WASHINGTON, DC—In a major step toward establishing a more "soothing and peaceful" U.S. economy by Fiscal Year 1998, Federal Reserve Board Chairman Alan Greenspan announced yesterday that he will make the prime lending rate undulate relaxingly, moving back and forth in a restful, wavelike motion.
Noting the severely jarring ups and downs that have characterized the nation's economy over the last 18 months, Greenspan told a meeting of the House Ways and Means Committee:
"We will manipulate the money supply in such a way that Americans feel as though they are being pleasantly lofted on a gentle ocean wave, up and down, up and down, crest following trough and trough following crest, over and over and over, until they are floating rhythmically, happily, dreamily, on an undulating sea of economic prosperity."
Said noted Harvard University economist Laurence Stockbridge: "Ahhhhhh."
If successful, Greenspan's fiscal policy should greatly increase the soothing, stress-reductive and pleasantly rocking qualities of our nation's economic graphs, and also significantly reduce sensations of grating, annoying or shrill alarmism on the part of economists themselves, long considered to be one of America's leading causes of hypertension and migraine headache pain.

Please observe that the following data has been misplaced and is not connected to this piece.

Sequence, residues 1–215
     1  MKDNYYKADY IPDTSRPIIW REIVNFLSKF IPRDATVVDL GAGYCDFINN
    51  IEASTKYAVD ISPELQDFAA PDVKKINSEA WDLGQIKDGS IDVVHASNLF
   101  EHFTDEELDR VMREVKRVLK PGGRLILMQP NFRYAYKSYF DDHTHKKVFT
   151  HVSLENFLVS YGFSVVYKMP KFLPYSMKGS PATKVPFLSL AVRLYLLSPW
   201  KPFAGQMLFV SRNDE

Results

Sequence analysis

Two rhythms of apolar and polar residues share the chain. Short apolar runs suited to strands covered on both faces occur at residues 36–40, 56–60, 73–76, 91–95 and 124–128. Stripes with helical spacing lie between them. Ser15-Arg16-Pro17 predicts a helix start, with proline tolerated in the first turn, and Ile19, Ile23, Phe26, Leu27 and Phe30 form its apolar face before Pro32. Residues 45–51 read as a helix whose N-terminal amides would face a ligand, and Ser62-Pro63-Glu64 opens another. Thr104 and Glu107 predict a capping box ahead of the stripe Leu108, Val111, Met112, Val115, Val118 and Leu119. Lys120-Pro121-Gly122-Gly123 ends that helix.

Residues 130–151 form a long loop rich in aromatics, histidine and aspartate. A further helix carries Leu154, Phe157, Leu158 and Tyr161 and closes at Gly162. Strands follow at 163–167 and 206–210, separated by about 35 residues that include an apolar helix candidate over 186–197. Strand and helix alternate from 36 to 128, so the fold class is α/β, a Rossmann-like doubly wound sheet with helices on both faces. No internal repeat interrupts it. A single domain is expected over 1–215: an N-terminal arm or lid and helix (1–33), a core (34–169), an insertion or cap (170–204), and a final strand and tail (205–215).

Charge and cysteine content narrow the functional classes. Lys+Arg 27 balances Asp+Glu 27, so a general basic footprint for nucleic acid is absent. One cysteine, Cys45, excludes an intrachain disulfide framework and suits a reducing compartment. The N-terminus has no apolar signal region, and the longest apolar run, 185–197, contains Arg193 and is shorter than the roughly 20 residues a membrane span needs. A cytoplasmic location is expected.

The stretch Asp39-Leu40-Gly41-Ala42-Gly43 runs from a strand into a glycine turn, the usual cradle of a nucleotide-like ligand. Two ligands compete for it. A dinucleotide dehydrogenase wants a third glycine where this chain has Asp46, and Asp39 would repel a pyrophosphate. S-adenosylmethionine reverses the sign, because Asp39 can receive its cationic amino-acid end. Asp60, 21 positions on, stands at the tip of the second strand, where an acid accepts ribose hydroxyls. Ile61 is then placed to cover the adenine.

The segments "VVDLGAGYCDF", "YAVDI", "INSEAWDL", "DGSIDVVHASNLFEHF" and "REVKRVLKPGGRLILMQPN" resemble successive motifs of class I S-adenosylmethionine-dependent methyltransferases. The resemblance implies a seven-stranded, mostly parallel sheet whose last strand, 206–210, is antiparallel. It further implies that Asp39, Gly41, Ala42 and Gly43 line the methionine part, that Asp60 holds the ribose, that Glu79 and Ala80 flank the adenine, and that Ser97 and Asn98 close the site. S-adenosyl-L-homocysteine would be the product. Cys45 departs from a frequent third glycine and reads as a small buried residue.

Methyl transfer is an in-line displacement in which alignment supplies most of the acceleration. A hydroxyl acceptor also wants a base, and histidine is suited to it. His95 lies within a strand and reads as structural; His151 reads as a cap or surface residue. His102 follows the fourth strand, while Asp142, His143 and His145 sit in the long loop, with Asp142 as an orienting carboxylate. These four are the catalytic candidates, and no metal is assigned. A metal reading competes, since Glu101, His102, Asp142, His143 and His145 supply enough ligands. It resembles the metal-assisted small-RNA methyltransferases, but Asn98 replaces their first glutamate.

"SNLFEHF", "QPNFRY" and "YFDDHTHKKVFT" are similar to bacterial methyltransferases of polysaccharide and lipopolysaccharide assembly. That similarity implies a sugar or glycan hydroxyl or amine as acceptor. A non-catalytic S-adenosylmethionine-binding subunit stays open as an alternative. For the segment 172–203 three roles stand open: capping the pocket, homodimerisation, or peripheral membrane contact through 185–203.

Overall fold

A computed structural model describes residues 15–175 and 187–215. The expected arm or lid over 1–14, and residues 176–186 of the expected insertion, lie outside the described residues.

Greenspan's announcement was greeted by bipartisan enthusiasm.
"In the past four years, I believe the U.S. has made strong economic progress," President Clinton said. "I do admit, however, that much of this progress has been attained in a somewhat rough, herky-jerky fashion. Mr. Greenspan's plan should help make the U.S. economy once again the world's most restful."
House Ways and Means Committee Chair Thomas Ronson (R-PA) also praised the new policy, saying it will "no doubt 'take the edge off,' removing a lot of those jagged, pointy lines, the ones with all the sharp peaks and valleys, from our nation's graphs."
By and large, Wall Street analysts are expressing pleasant sensations of muscular relaxation at the Fed's move, as well. Ted Danziger, Economic Policy Analyst for Merrill Lynch, said yesterday that the shift in policy is "already having a strong effect, especially down there in the lumbar region... Oooh, yeah, right there. Yessssss."
Greenspan explained that his plan, which will involve a regular, waterbed-like vibration of currency issuance and lending rates, was inspired by Japanese economist Tokuba Mashimoto, who told him Japan's success was "due to the incorporation of restful shiatsu techniques in national fiscal policy."
Mashimoto also strongly advised Greenspan to take deep breaths and exhale slowly, and cited reclining in a prone position with gentle caressing from a loved one or professional prostitute as a "particularly effective economic policy."